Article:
How To Plan an Easter Egg Hunt

Planning an Easter egg hunt, the greatest of the easter egg games. With every upcoming holiday our family, like most, have certain traditions that everyone looks forward to no matter what.

The one Easter tradition that none of my children want to give up is the Easter egg hunt. It’s their favorite of all the easter bunny games. Since they are now in their late teens, you’d think that this one could be quietly slipped under the rug, but it has become a competition with bragging rights among them.

Even with Easter still a few weeks away, they are already talking a bit of good natured smack among themselves as to who will grab the golden egg this year. Following are a few things this easter bunny has learned about the easter egg hunt over the years.

Steps to Plan an Egg Hunt

Plan an Easter Egg Hunt

Instructions for Planning an Easter Egg Hunt:

1. Start with assorted sizes of plastic eggs. Figure about a dozen eggs per participant in the easter egg hunt, more or less depending on their ages. These eggs are best purchased the week after Easter for a fraction of what they cost right now, but if you don’t have any think of it as an investment for the future as they will be used over and over. I highly recommend the hinged eggs with a small hinge on the side so the two ends stay together (there’s always the child who just just can’t wait to open their eggs, leaving you with multiple pieces to not only hunt but also piece back together) for an easter egg hunt.

2. Buy small wrapped candies, plastic toys, erasers, balls, dolls, hair clips, etc. Be creative, I prefer the Easter theme on these, but anything goes. Target is usually a good source for items as is the online Oriental Trading Company if you are doing a large scale easter egg hunt. I say wrapped candies, again for that child that can’t wait, so no one ends up eating candy off the ground. Coins of different values are a great idea for older children – then have them practice adding up the value after the Easter egg hunt.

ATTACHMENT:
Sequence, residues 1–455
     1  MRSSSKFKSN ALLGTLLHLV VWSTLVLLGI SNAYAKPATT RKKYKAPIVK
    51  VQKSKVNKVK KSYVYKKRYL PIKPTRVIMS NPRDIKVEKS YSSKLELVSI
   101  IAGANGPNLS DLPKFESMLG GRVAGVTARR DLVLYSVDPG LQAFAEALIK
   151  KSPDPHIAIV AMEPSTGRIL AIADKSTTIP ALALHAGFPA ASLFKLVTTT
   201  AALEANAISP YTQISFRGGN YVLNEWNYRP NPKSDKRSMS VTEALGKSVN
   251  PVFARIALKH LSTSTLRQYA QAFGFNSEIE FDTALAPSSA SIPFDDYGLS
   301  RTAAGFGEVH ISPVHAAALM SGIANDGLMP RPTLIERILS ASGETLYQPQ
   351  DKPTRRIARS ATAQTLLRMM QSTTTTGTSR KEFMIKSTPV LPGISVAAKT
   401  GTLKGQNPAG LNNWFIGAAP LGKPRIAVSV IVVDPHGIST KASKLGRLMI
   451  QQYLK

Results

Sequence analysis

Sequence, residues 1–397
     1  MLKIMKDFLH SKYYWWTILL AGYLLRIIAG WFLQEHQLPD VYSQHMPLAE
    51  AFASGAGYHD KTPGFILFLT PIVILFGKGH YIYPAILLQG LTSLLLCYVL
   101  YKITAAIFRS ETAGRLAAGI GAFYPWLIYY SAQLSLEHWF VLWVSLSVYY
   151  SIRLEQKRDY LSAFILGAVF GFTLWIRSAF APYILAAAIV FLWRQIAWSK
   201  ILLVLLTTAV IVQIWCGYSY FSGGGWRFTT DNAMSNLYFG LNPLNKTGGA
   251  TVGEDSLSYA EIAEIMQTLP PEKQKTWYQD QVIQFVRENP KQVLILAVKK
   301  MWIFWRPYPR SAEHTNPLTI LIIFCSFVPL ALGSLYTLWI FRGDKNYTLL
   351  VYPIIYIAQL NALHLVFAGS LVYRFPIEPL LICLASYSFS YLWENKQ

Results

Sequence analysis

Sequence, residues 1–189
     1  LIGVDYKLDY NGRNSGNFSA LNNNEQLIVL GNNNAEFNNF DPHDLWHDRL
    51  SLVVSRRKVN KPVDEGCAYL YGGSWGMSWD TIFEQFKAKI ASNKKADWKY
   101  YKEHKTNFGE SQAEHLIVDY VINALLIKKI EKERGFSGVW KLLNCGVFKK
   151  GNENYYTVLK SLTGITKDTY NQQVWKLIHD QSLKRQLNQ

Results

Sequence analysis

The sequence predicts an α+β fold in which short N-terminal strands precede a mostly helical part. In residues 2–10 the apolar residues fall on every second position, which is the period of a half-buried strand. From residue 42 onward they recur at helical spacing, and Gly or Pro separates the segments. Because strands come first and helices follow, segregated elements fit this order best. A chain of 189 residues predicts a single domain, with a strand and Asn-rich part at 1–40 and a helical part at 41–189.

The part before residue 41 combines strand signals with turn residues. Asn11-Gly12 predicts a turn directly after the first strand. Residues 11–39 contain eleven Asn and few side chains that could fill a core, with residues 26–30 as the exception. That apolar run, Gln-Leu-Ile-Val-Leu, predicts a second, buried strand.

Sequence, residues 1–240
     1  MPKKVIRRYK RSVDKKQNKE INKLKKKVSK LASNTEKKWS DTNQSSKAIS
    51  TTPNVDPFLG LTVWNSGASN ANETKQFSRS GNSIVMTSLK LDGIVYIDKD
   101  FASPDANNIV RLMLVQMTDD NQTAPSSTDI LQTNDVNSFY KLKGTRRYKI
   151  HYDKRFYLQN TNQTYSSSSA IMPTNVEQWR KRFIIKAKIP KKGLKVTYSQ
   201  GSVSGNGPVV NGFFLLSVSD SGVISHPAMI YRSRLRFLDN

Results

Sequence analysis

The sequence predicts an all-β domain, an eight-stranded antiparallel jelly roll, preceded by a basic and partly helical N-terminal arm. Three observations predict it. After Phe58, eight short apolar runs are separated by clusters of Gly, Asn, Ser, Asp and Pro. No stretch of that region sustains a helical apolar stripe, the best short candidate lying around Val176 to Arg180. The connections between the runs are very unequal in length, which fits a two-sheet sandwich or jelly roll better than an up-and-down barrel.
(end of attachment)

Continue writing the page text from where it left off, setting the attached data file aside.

3. Have at least one “golden egg” in your easter egg hunt – a large yellow egg with an extra special prize. Maybe a coupon, a small stuffed animal or some paper money.

4. Fill the eggs and hide them anyplace you can think of, keeping the ages in mind. Put eggs out on the grass for the little ones and more difficult places including up in the trees for the older crowd. You’re now ready to begin the Easter egg hunt.

5. Give everyone a basket and explain the rules. Rules are a) only the littlest ones can pick the eggs visible on the grass and b) only one golden egg per child (if you chose to have more than one).

6. Turn on the video camera on and holler “go”. The easter egg hunt is on!

Variations to the Egg Hunt

Some Additional Options/Variations Of The Easter Egg Hunt:

A. You can time the Easter egg hunt and give a prize to the first person to collect a certain number of eggs.

B. If you have multiple ages, you can let the little ones go first and let the big ones watch with anticipation for 5-10 minutes.

C. You can use real colored hard boiled eggs instead of the plastic ones. If you do, be sure to check Eat By Date to find out the proper storage for your hard boiled eggs and to find out how long chocolate will last (if you used chocolates).

D. If you want to ensure that everyone in your easter egg hunt receives the same prizes in the end, you can have a series of items duplicated for each color of egg. Then assign each child only one color of egg to hunt.

E. You can have an easter egg hunt anywhere, we did it in a motel room one year when we went away for Easter. Like I said, my kids won’t let this tradition pass – no matter what!

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